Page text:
Whole Grains Versus Enriched Grains: What's The Difference?

One of the best ways to improve your health is to make healthy changes to your diet. Dieticians would agree that getting enough fiber is important for reaching your health goals. According to Mayo Clinic, eating a diet high in fiber helps lower cholesterol levels, manage weight, regulate blood sugar, promote digestive health, and reduce your risk of heart disease and cancer.

From rice to quinoa, and popcorn to multi-grain bread, grains are a great way to add more fiber to your diet. According to the United States Department of Agriculture (USDA), there are two groups of grains: whole and refined. Enriched grains fall into the category of refined grains. You may be thinking that all grains are created equal, but when it comes to the nutrition you get from eating them, that is not the case. So, what's the difference between whole grains and enriched grains?

The big difference between enriched and whole grains

According to the Harvard T.H. Chan School of Public Health, when you consume whole grains, you are eating all three parts of the grain — the bran, endosperm, and germ. The bran is the outermost layer of the grain containing fiber, vitamins, and minerals like B vitamins and zinc. The endosperm is the middle layer of the grain containing protein, carbohydrates, and small amounts of vitamins and minerals. The innermost layer, the germ, is a source of healthy fats, antioxidants, and vitamins like vitamin E.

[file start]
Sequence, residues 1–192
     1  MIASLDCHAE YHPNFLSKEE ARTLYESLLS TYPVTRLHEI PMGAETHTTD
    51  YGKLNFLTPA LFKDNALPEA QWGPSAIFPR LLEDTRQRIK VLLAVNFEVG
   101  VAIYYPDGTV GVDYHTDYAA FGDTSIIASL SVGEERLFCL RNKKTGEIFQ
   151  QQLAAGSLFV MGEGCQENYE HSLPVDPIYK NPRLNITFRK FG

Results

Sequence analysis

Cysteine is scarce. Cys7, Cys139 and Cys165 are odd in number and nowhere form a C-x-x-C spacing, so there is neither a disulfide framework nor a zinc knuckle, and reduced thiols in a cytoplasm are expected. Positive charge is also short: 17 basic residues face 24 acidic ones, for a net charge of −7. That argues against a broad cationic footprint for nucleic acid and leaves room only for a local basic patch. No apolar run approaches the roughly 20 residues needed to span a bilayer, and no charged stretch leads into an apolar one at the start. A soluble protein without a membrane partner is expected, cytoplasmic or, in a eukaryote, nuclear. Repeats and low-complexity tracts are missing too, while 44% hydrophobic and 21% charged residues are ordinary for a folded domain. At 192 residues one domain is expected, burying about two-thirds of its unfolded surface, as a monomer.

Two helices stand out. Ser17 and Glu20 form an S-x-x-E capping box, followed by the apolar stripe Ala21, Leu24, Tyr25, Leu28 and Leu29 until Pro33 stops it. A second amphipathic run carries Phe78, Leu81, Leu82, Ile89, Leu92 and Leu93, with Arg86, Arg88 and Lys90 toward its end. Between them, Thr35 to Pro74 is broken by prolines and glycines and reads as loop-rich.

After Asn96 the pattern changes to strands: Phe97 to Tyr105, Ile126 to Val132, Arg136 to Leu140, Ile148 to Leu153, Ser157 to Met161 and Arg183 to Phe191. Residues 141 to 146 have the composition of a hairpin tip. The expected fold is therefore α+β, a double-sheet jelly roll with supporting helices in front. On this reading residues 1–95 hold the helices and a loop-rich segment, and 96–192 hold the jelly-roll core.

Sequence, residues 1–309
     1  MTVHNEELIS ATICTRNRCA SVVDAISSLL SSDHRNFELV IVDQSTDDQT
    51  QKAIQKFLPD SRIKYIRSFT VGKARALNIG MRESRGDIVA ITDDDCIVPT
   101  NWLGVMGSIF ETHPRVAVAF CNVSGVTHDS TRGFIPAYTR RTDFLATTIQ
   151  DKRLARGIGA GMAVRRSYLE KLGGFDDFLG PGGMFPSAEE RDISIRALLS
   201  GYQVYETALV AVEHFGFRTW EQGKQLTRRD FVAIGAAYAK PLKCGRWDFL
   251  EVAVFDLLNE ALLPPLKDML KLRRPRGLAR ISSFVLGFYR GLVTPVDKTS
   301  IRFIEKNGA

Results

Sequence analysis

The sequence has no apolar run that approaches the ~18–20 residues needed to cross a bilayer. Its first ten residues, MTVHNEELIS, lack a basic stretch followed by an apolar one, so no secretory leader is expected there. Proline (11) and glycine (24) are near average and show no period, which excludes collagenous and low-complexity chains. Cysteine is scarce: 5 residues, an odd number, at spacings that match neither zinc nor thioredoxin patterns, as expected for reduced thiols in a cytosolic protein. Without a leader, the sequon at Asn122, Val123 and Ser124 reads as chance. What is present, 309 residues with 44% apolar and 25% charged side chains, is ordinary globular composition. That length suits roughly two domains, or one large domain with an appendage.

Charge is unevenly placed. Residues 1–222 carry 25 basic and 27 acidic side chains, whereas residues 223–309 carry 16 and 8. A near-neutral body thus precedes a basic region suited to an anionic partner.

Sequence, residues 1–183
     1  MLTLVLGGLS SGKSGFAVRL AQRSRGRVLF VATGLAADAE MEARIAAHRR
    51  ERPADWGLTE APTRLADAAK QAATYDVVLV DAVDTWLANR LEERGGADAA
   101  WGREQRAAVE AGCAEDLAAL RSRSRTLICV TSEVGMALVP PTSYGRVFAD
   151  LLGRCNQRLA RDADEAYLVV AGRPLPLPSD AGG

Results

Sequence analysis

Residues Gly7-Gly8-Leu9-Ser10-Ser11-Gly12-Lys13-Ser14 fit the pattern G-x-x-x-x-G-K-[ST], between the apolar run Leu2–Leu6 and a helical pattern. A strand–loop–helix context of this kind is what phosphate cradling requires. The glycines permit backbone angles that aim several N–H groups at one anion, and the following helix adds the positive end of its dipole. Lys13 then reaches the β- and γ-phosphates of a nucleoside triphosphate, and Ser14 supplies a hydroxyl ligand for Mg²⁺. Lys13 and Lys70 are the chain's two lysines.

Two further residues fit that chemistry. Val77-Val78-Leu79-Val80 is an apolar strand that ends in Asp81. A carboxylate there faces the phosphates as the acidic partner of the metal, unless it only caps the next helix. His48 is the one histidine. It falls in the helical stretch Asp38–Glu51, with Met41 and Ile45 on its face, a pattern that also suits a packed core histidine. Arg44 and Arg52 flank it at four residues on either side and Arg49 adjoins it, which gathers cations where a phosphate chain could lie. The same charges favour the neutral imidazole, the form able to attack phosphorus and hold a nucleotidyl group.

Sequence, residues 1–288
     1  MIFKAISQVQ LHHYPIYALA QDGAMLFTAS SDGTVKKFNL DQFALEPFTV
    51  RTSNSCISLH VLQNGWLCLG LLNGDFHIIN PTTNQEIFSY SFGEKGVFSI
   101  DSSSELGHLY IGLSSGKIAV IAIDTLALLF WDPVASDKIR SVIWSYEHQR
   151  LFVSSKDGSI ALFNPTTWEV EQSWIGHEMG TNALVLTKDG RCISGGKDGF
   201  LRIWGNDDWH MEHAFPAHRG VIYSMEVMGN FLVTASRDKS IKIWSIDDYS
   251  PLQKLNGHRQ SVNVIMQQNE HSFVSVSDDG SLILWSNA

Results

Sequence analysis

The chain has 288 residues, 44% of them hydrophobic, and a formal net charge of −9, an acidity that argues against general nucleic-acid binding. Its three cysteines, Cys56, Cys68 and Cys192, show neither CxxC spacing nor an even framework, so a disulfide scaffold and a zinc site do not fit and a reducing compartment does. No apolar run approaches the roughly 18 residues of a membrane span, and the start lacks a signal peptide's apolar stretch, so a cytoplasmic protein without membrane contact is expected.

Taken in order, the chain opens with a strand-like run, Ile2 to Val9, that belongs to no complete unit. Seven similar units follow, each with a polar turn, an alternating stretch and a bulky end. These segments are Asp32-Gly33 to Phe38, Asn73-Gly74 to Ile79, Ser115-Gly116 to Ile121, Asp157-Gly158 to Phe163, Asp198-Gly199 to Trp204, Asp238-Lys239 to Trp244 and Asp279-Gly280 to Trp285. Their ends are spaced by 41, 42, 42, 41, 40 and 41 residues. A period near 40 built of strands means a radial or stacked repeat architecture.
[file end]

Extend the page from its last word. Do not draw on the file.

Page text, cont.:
Enriched grains, on the other hand, have been processed or milled, whereby one or more of these three key parts are removed. During this process, over half of the grain's nutrients may be lost. You may wonder why our food manufacturers do this. According to the Mayo Clinic, refined grains have a longer shelf-life and a finer texture, making products like pastries, cereal, white bread, and crackers tastier. Enriching refined grains means they add back some of the nutrients that were lost during the milling process. So, which is healthier?

How to choose between the two

A 2020 study published in Advances in Nutrition suggests whole grains are consistently associated with lowered disease risk, improved body weight, and lower rates of chronic illness. But the study also found that enriched grains can help bolster nutritional intake, including iron, thiamin, vitamin B-6, riboflavin, and folate. 

However, while enriched grains may have certain nutrients added back, they may be lacking other nutrients, including fiber, which may not be added back to the grain, according to the Mayo Clinic. You may now be thinking of avoiding refined grains altogether. But Advances in Nutrition suggests there is no increased risk of disease when eating a diet with half whole grains and half refined or enriched grains. In fact, enriched grains can provide an important source of folate that whole grains can't. Thus, by combining the two, you may be able to best cover all your nutritional bases.